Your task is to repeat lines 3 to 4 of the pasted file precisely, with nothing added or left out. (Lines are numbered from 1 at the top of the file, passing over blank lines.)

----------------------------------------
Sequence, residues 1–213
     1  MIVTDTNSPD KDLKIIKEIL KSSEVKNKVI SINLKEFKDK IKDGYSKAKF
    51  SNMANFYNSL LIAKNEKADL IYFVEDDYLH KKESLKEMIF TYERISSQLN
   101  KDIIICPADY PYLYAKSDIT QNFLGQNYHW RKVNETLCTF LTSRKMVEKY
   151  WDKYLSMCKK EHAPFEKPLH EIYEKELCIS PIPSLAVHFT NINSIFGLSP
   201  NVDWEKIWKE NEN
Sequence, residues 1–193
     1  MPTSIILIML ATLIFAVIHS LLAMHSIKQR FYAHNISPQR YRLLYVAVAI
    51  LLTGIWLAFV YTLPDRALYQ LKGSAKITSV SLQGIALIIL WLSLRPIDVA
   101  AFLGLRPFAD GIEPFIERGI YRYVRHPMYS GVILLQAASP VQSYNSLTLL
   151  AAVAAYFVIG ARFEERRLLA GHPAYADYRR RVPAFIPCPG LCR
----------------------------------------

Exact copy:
    51  SNMANFYNSL LIAKNEKADL IYFVEDDYLH KKESLKEMIF TYERISSQLN
   101  KDIIICPADY PYLYAKSDIT QNFLGQNYHW RKVNETLCTF LTSRKMVEKY